It’s a sad fact that as members of a species become rarer they tend to suffer from inbreeding. This lack of genetic diversity can lead to birth defects and other problems, making a species even more endangered as time progresses.
Conservationists regularly test the genetic makeup of many endangered species in order to understand the threats they face and, sometimes, to help them adapt to limited breeding choices. This isn’t always an easy task. Sometimes animals are so rare they’re hard to find in the wild, or the only evidence is hair or feces that may not contain a lot of DNA. Other times collecting a blood or tissue sample for DNA analysis can be dangerous, either to the researcher or the animal. After all, nobody likes to be tranquilized and then poked with a sharp needle.
So, how can conservationists collect DNA samples that will provide maximum information with the least amount of risk to the animals they’re studying? One word: placentas.
Yes, placentas. According to a study published this week in the Finnish journal Annales Zoologici Fennici, placentas can be a valuable source of genetic material that can help identify inbreeding and reveal other important data, such as the genders of the newborns.
The researchers, from several universities and institutions in Finland, tried this out with Saimaa ringed seals (Pusa hispida saimensis), one of the rarest seal species on the planet. Only about 300 of these critically endangered seals remain, all in a land-locked lake in that country, where they face constant pressure from fishermen and climate change, which has caused a high level of infant mortality from lack of ice.
Despite the low population, the seals continue to breed. According to the paper, between 50 and 60 seal pups are born every year. That means a fair number of placentas are left behind for potential testing.
Between 2009 and 2011 the researchers collected 59 placentas from the seals’ ice-bound birthing dens. Most of the placentas were already decomposing, but they still contained enough genetic material for testing. Each placenta offered multiple opportunities for genetic extraction: the uterine side of the placenta for DNA from the mothers and the fetal side and umbilical cord for DNA from the pups.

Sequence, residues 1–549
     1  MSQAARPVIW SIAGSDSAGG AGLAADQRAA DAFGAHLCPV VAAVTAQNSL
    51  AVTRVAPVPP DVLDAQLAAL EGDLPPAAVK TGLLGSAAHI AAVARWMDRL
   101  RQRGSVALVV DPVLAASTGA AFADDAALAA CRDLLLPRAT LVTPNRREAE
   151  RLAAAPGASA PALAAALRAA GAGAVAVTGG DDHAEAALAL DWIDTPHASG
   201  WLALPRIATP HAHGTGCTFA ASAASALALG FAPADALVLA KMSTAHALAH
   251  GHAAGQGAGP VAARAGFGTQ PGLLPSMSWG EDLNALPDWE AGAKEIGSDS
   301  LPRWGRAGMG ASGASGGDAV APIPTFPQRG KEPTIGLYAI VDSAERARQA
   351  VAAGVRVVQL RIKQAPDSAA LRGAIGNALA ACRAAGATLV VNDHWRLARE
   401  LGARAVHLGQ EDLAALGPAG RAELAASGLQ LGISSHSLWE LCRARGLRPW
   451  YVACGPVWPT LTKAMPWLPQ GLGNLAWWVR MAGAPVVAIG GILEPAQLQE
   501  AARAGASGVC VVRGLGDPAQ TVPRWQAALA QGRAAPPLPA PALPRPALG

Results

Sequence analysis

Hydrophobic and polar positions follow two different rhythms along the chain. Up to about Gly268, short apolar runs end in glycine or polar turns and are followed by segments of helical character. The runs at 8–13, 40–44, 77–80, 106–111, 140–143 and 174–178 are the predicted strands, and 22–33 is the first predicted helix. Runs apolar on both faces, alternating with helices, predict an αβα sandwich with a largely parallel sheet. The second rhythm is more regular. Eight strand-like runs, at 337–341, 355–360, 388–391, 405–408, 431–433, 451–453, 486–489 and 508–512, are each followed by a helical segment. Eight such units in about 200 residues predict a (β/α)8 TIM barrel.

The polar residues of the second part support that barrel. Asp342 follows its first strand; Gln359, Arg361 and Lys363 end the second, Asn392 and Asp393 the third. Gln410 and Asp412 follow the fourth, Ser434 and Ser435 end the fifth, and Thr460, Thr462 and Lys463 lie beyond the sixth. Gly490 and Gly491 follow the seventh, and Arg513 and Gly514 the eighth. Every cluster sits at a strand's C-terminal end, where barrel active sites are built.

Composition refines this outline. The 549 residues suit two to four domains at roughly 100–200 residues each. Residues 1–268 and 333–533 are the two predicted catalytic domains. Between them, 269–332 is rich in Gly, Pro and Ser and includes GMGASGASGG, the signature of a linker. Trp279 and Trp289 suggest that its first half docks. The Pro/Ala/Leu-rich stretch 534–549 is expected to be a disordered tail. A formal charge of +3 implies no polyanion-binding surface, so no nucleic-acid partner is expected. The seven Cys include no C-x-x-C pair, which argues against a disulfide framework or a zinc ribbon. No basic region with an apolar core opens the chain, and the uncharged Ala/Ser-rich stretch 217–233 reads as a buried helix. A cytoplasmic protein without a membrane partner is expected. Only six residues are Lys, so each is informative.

The researchers also had some actual seal DNA for comparison, but that’s the sad part of the story: the tissue mostly came from stillborn pups found at the birthing sites.
Testing the placentas revealed a lot about the pups’ genotypes, mostly that they exhibited the expected low levels of genetic diversity. The tests revealed nothing about the mothers, nor did they conclusively indicate which pups were siblings (probably because their genetics overlapped so much).
The researchers wrote that this test is the first to prove that placentas have value in genetic monitoring. They added that although the test didn’t yield a huge amount of data, more advanced genetic sequencing tests, coming in the near future, may reveal even more. And this technique could play an especially important role in Saimaa ringed seal conservation because while collecting samples from the “elusive and difficult to capture” wild animals is almost impossible, gathering placentas is relatively easy.
Of course this approach can’t work with every species. Pinnipeds (seals) are one of the few groups that don’t regularly eat their own placentas, so samples might be unavailable for other animals. There are, however, a lot of endangered seal species worldwide, and the researchers predict that the placental testing technique could prove valuable for several of them. It’s one more tool in conservation biologists’ pockets that could help save critically endangered, inbred species from extinction.
Photo by Juha Taskinen, via NOAA Fisheries